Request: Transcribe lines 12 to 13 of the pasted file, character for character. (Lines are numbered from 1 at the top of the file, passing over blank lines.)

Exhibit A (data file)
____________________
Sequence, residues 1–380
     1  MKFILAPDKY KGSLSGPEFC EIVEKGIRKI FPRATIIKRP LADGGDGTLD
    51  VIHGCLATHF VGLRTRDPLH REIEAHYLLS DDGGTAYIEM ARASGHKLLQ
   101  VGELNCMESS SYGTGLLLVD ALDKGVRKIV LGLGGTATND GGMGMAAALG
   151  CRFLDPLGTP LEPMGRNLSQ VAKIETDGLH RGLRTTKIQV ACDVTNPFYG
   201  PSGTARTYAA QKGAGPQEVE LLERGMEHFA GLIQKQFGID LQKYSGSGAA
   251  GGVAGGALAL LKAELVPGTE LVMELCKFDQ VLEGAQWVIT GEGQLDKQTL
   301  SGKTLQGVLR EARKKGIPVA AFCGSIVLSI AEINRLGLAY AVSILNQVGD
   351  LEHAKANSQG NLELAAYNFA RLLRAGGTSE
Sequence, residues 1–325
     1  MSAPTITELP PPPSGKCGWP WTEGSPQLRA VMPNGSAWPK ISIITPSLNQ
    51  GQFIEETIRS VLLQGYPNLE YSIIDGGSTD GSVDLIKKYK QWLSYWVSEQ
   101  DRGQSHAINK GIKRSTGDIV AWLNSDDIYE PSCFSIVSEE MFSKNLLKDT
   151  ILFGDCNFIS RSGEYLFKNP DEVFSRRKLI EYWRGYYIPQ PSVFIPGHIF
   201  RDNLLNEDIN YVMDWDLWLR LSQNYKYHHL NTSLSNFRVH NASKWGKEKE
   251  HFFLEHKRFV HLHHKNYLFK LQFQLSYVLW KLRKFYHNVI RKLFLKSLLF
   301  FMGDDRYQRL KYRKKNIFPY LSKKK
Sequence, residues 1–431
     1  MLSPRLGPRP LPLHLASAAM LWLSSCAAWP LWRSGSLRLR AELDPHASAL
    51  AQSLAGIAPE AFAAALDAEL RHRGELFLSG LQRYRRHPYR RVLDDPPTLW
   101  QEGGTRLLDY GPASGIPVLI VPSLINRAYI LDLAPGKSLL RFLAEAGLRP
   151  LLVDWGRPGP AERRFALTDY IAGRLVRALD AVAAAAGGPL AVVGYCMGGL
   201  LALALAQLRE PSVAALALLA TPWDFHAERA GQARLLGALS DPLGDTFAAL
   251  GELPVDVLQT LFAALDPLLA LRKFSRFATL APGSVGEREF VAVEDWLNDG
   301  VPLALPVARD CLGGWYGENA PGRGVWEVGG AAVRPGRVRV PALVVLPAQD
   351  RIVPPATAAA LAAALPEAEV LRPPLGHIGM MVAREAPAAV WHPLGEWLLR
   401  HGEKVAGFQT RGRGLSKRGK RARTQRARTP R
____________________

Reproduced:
    51  GQFIEETIRS VLLQGYPNLE YSIIDGGSTD GSVDLIKKYK QWLSYWVSEQ
   101  DRGQSHAINK GIKRSTGDIV AWLNSDDIYE PSCFSIVSEE MFSKNLLKDT